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Embracing New Expectations Around Mobility Across the Supply Chain

By Jeff Schmitz | 04/08/2019 | 7:35 AM

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As the modern workplace continues to evolve into an intelligent, innovation-driven environment that connects the physical and digital worlds, front-line workers throughout the supply chain have experienced enormous change across their job functions, especially in recent years. From cycle counting and put away to replenishment and picking, their daily tasks have been modified by technology, resulting in increased efficiency and productivity as well as a greater level of data-driven operational visibility.

 

In many aspects, the emergence of the modern workplace goes hand-in-hand with the “on-demand economy.” Driven by shifting expectations, both from businesses and consumers, companies across the supply chain are closely evaluating processes and implementing new standards and practices around e-commerce and omnichannel fulfillment, inventory management, labor optimization, safety protocols and more.  

 

Meeting shoppers’ omnichannel product delivery and fulfillment expectations calls for a digital transformation of the supply chain that addresses key pain points. In today’s highly competitive and fast-paced marketplace, failure to adapt new productivity-enhancing technology can be very costly. By leveraging intuitive mobile technology, including rugged smartphones and tablets, scanners, printers and wearables, growing pains for manufacturers, warehouses, retailers and transportation and logistics (T&L) firms have been reduced. However, there are no signs that this rapid pace of innovation will let up anytime soon.

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A New Age of Operations and Mobile Computing

Supply chain participants count on real-time data to improve productivity on the plant floor, accelerate collaboration across disparate teams and plan their next move (or react to unplanned events). As businesses adapt new workflows around order processing, materials handling, returns and other activities in the B2B2C era, they need to implement the right Internet of Things (IoT) technologies to capture and communicate data. Zebra’s new MC9300 mobile computer is an example of a connected device that empowers employees at the operational edge of the supply chain to share and act upon real-time insights, giving their business a performance edge over those who may be utilizing legacy data capture and mobile computing technologies.

 

But technologies new and old alike are only as effective as employees are confident in their ability to utilize those technologies.  Employee training has been a pain point for manufacturers and distributors for a long time, in particular for those with sizeable seasonal staff and high turnover. Supply chains can’t afford operational slowdowns or errors caused by technologies that aren’t intuitive, so new employees need to be onboarded in a timely, effective manner and trained how to leverage these tools within their workflow on “day one.” Intuitive mobile computers like the MC9300 offer an avenue to support this best practice by reducing the learning curve and adoption time by leveraging the Android operating system and enhancing it for key tasks across the supply chain. For example, essential information regarding inventory management, shipment status, quality control and more can be easily accessed on-the-go, helping to improve worker productivity by as much as 10 percent over legacy solutions. Furthermore, as tech-savvy millennials join the workforce, technology that mimics the experience of a smartphone helps expedite training without compromising the unique environmental and ergonomic requirements of an industrial enterprise setting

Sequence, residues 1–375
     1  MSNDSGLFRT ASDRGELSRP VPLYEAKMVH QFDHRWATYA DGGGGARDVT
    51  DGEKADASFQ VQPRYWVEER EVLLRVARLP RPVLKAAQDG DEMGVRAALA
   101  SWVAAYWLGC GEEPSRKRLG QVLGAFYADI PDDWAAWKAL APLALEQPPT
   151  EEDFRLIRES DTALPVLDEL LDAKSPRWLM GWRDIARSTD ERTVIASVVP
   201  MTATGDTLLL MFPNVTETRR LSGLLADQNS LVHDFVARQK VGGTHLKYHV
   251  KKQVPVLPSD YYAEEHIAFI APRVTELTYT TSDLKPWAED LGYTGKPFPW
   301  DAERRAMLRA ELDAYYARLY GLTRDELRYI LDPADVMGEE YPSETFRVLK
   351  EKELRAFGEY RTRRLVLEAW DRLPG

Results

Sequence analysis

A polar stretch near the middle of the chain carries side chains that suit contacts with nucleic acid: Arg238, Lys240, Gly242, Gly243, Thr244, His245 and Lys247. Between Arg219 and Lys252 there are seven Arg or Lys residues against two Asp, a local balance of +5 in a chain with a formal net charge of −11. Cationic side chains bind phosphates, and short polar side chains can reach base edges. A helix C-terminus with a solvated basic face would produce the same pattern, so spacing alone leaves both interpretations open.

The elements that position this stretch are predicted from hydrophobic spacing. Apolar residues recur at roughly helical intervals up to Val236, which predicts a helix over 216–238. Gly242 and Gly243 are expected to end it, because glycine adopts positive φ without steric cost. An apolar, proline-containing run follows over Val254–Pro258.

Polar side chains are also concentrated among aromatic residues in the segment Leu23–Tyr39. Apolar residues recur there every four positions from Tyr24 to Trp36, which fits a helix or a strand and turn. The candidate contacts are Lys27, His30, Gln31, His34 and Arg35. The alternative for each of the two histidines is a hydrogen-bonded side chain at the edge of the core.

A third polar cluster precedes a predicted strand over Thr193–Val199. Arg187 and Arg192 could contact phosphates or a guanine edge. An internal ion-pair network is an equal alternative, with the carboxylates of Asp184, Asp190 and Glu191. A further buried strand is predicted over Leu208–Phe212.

As Microsoft prepares to end support for existing Windows Embedded Handheld and CE 7 devices in 2020 and 2021 respectively, decision-makers are relying on their enterprise devices to offer features that facilitate a seamless migration to Android. Building on its extensive supply chain experience, Zebra offers enterprise leaders a clear path to Android operating system migration with the MC9300 through extended lifecycle support. It also includes innovation like a Terminal Emulation (TE) application designed to take advantage of the graphical capabilities of the device while easily supporting traditional “green screen” usage.

 

As companies continue modifying their operations to better accommodate and advance best practices relevant to the on-demand economy, they will need the right tools to do so. Seeking out and deploying next-generation solutions – designed with front-line workers in mind – is a critical first step toward embracing mobility and maintaining a competitive edge.

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The opinions expressed herein are those solely of the participants, and do not necessarily represent the views of Agile Business Media, LLC., its properties or its employees.

About Jeff Schmitz

Jeff Schmitz

Jeff Schmitz is senior vice president and chief marketing officer at Zebra. Mr. Schmitz most recently served as executive vice president for multiple business units and sales at Spirent Communications where he had previously also held several senior leadership roles including chief marketing officer and vice president of networks & applications. Prior to joining Spirent, Mr. Schmitz held senior marketing positions at Rivulet Communications, Visual Networks and Tellabs Inc. Mr. Schmitz holds a B.S. degree in electrical engineering from Marquette University and a Master of Science degree in computer science from the Illinois Institute of Technology.



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